In the days before air conditioning, the honey house was one of my favorite places, especially the room where we served customers. The shelving in the sales room was not sophisticated – more practical than aesthetic, yet it was made interesting by Dad's collection of antique bottles and honey containers. (He had a collectors guide about antique bottles, which I would sometimes study, especially fascinated with old-style baby bottles.) The sales room was a lovely place to spend the afternoon after working in the garden or climbing trees or catching kittens in the barn. It always felt peaceful. Sometimes I would lie in half-light on the glossy, grey floor, soaking in the cool, smooth serenity.

It may have been my first summer job, but somehow it didn't feel like work.


posted by Colleen McCubbin at 10:36 PM 1 comments

history of women at Briercrest: archiving

An exciting opportunity has opened up.

A few weeks ago I received invitation from the Chester Ronning Centre to become a junior research associate to establish an archive for the history of women at Briercrest. This would extend the work begun with my thesis: Oral Histories of Women from the Early Days of Briercrest.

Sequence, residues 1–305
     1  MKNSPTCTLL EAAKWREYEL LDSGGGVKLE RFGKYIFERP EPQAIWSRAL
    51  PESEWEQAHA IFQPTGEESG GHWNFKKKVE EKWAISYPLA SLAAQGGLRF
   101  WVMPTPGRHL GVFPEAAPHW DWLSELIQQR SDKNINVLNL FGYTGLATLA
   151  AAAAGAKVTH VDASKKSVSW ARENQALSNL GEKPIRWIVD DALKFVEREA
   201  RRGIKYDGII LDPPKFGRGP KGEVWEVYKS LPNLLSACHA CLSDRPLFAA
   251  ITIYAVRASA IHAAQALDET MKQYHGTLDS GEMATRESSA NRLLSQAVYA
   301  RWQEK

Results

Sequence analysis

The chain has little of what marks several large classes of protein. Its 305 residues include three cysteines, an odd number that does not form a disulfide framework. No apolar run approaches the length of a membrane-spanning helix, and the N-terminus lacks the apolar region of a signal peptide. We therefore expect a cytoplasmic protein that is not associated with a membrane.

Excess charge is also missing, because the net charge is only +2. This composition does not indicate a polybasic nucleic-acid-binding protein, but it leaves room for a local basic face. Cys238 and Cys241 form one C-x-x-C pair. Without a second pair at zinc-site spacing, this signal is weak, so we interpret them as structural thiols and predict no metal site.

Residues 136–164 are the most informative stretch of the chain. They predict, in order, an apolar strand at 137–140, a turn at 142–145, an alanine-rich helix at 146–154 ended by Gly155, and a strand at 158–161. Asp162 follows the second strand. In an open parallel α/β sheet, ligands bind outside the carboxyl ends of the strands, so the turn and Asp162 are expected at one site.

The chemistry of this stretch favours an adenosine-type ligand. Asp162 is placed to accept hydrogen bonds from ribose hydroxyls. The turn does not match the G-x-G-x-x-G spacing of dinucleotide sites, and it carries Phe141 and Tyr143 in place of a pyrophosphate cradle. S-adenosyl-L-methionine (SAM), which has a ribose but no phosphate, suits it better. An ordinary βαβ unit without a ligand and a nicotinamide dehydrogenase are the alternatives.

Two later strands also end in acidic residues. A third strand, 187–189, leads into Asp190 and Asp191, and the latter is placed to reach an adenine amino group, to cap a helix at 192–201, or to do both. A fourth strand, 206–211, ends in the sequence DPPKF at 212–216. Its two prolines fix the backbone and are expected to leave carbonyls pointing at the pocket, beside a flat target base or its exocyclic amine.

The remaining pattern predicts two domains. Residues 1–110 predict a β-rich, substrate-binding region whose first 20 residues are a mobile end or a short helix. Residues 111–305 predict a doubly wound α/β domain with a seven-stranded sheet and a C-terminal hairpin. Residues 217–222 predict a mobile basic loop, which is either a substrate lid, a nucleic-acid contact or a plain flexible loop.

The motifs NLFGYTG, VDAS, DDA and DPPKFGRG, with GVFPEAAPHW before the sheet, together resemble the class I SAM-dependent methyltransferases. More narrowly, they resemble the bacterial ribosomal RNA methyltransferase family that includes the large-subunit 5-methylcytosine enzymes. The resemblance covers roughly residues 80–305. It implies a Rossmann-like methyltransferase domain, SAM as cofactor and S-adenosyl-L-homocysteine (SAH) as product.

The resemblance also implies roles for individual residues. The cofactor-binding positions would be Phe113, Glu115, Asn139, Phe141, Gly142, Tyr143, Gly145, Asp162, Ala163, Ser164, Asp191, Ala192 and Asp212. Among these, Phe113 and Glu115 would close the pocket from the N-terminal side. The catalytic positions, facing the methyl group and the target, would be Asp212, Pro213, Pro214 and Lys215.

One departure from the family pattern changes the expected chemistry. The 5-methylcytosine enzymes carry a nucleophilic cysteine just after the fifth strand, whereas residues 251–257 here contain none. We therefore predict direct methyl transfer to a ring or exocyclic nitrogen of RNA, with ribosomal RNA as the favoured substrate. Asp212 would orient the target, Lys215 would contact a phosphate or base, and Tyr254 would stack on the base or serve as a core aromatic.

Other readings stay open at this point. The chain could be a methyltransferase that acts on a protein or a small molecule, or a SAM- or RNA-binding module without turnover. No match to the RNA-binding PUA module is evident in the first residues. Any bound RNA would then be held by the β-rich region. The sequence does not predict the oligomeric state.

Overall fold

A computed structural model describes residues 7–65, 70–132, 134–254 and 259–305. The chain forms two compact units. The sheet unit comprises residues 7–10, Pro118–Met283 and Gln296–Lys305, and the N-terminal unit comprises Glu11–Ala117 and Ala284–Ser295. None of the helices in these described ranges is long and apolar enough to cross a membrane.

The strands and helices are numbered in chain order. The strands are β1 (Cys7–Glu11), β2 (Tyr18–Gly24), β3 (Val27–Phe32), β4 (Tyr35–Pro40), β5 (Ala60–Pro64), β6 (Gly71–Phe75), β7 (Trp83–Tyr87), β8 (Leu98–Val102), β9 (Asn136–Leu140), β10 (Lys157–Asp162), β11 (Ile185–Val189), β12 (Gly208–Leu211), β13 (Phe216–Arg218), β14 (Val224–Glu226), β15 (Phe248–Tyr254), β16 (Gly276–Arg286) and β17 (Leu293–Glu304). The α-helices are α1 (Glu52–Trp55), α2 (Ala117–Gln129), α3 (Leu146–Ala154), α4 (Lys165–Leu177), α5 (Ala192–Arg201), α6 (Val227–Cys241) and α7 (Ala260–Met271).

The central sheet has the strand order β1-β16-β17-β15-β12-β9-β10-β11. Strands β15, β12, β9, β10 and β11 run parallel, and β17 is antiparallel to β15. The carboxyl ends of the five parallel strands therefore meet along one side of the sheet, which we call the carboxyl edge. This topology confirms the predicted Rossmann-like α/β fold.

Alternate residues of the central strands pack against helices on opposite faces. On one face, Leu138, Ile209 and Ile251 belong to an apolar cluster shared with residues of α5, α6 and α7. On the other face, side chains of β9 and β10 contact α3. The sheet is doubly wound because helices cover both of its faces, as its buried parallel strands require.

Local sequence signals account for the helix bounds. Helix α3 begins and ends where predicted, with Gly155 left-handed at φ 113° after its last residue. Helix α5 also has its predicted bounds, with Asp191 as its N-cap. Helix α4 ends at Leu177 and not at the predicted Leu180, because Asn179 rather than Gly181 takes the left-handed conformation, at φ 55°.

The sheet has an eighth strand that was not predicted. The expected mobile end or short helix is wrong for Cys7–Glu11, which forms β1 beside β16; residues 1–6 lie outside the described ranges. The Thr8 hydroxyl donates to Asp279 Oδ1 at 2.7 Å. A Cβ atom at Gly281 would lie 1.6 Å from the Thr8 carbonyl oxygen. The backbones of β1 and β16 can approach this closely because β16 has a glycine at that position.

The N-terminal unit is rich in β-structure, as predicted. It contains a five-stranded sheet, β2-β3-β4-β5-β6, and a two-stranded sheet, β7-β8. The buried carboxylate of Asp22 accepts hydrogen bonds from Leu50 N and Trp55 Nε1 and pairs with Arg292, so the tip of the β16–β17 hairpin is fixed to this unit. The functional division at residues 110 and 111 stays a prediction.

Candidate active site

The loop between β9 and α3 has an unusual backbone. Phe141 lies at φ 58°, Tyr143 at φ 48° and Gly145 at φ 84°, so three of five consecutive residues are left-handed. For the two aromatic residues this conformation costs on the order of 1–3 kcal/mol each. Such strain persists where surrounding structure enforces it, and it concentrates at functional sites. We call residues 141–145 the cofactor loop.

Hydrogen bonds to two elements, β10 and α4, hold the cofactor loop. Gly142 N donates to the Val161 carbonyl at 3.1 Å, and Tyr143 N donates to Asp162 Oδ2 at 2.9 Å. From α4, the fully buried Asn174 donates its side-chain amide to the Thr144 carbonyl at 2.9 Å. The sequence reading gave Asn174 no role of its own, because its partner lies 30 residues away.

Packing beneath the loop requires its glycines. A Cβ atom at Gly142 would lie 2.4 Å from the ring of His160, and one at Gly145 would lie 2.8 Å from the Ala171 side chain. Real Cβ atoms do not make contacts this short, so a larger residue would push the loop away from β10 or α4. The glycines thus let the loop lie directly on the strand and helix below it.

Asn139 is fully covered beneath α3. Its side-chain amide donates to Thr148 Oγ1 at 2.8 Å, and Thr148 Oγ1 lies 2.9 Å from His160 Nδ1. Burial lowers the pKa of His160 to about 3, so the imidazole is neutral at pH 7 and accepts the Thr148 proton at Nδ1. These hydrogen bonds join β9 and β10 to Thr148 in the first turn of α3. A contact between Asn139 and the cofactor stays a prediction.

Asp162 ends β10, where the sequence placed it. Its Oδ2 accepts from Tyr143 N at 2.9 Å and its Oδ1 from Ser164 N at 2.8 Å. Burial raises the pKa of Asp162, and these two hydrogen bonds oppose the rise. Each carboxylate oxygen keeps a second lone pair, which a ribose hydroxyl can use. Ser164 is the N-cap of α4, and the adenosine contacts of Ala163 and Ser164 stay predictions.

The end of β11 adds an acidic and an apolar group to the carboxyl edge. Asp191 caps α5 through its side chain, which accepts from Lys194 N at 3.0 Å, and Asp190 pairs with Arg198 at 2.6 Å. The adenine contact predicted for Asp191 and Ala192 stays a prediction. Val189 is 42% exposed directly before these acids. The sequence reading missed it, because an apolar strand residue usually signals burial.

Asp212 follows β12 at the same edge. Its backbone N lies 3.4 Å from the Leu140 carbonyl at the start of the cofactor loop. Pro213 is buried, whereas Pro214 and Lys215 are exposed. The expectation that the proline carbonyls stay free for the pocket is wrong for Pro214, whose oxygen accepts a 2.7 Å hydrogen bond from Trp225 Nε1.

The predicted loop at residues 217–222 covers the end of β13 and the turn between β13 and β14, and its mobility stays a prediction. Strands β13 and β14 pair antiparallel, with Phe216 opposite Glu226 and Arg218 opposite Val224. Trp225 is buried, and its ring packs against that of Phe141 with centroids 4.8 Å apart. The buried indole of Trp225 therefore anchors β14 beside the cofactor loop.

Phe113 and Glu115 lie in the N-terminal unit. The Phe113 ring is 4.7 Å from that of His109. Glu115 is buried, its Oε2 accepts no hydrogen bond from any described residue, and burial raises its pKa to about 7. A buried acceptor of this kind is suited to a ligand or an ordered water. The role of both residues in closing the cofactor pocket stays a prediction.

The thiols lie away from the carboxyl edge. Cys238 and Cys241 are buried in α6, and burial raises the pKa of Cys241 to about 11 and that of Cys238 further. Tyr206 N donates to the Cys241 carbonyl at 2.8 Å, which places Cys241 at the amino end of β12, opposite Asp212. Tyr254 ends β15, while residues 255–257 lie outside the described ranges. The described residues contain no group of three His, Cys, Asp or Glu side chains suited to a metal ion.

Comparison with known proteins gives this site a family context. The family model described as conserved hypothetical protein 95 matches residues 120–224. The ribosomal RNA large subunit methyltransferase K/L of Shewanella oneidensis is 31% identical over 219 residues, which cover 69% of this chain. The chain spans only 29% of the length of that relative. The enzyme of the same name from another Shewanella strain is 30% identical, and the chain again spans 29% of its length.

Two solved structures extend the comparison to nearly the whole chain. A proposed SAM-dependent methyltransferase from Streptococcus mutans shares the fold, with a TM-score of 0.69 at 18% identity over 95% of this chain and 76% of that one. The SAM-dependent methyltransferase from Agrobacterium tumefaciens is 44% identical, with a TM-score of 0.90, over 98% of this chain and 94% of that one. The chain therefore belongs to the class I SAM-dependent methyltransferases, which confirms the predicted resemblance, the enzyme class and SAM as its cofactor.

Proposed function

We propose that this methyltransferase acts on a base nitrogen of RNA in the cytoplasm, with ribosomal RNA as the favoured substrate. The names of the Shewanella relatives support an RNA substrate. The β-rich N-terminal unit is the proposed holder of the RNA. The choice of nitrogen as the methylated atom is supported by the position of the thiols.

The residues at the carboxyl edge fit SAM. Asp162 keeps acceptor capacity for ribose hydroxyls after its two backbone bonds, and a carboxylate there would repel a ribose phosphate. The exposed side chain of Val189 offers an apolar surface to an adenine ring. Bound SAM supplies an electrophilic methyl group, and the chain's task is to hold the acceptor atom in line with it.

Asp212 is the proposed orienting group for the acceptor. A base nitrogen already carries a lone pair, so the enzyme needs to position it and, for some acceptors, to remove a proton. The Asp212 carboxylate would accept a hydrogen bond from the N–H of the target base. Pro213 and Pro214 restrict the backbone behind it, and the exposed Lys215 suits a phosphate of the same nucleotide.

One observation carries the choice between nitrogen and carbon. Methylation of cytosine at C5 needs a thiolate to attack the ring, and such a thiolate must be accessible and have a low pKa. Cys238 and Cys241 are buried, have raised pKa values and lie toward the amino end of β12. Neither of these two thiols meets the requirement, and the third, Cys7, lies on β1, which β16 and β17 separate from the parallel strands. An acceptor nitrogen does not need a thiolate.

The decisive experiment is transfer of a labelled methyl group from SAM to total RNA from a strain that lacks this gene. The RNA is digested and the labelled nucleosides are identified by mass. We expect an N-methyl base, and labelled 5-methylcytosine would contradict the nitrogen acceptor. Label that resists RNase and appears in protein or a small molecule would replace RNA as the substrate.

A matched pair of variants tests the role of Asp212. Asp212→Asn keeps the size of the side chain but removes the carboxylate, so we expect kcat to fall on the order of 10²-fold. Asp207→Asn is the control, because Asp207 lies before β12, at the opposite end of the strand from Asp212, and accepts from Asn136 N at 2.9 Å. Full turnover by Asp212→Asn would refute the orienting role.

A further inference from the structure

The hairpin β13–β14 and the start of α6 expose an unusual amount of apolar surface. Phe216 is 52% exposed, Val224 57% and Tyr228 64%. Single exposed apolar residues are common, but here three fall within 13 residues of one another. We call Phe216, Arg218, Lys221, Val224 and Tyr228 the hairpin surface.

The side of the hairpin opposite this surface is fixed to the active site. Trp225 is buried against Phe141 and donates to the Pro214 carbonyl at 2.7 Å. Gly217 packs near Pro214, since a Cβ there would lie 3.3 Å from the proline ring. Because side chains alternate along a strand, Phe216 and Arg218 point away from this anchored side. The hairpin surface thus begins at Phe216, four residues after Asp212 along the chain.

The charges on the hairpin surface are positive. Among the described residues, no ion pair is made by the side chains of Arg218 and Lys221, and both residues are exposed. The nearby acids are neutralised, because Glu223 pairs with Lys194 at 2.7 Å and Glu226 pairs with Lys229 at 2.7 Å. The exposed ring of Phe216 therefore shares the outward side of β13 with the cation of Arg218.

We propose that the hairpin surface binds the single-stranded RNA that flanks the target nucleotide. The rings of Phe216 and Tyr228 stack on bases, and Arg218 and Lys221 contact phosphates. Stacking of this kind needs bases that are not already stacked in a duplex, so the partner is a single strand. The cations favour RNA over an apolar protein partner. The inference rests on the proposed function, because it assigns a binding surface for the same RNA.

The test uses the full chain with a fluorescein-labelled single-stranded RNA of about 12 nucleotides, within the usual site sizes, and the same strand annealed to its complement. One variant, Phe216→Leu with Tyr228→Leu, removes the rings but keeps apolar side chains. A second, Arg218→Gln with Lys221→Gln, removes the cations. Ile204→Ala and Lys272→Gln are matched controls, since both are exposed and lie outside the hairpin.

Last week I had planned a trip to Caronport, and suddenly realized that it might be good to chat with some key people about a potential partnership between Briercrest and the Ronning Centre. So after some back and forth discussion, a meeting was set for Friday morning at 9:00 with several professors (especially history), two librarians, and the president.

The meeting went well. We discussed the importance of this historical archive for Briercrest, how they can assist me in making it available to scholars at Briercrest College & Seminary, and what partnership with the Ronning Centre should look like.

It was a most collegial and fruitful conversation, yet I had a mix of feelings: the comfort of being in a room full of friends, yet self-consciousness about going to this next level of scholarship (who me?).